Fifth, Comments are made on the item under consideration and as a rule they incorporate quotations from the scholarly literature.
The second and longest part of the introduction, The Linguistic and Historical Setting of LBH (211), reasserts the conventional tripartite division of BH and it focuses on two principal topics.
Graeme Auld (Vetus Testamentum Supplement 113; Leiden: Brill, 2007). I. Specifically, he suggests that the standoff between alternative approaches to these books may be bridged by taking a textual-exegetical approach, that is, by combining textual and literary criticism in an analysis of their stories.
Aucker, editors, Reflection and Refraction: Studies in Biblical Historiography in Honour of A. Ehrensvärd, Linguistic Dating of Biblical Texts, Volume 1: An Introduction to Approaches and Problems (Bible World; London: Equinox, 2008). In this chapter Rezetko surveys three areas of research related to Samuel and Chronicles, including views on the composition of these books on the whole, the story of David's ark transfer in particular, and the characteristics of the textual witnesses to these books. In this chapter Rezetko surveys issues related to synchronic and diachronic approaches to Samuel and Chronicles.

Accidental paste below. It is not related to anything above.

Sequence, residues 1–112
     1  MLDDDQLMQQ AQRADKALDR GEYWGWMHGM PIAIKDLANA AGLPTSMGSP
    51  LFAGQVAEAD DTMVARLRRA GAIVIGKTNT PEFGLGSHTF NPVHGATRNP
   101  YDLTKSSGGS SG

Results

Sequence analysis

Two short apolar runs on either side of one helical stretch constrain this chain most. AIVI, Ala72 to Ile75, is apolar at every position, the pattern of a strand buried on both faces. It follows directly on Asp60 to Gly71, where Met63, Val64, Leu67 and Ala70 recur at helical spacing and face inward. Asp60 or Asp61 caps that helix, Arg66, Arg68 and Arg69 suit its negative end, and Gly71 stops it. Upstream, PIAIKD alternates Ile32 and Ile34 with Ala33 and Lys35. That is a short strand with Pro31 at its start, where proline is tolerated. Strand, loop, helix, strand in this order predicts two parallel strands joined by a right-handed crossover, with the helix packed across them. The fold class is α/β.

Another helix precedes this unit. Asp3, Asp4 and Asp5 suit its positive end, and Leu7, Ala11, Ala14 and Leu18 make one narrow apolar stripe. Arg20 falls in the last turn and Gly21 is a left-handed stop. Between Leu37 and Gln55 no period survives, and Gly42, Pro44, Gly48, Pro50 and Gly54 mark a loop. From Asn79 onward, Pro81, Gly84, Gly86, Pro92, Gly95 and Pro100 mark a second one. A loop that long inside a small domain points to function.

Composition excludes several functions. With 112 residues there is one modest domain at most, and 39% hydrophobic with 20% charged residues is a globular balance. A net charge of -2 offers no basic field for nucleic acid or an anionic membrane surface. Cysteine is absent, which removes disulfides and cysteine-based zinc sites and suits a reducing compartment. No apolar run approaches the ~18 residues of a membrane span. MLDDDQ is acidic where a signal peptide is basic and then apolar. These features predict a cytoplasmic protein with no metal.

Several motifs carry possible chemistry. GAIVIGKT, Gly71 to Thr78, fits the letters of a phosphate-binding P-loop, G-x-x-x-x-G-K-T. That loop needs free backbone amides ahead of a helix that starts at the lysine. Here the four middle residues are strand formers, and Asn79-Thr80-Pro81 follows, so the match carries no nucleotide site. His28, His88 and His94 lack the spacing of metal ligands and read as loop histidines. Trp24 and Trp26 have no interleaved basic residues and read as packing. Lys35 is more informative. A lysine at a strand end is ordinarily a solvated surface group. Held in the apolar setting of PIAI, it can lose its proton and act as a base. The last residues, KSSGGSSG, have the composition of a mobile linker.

The third and final objective of the lexicon is to substantiate that the acknowledged early writings with none or less of the late words and expressions under consideration are in actual fact early.
In other words, Hurvitz argues that the collective absence in certain (early) writings of innovations or diffusions that are evident in late writings indicates that those (early) writings are definitely early. Together the second and third objectives as described here suggest that the ultimate purpose of the to the late period.
First, the distinctive linguistic characteristics of LBH books are discussed.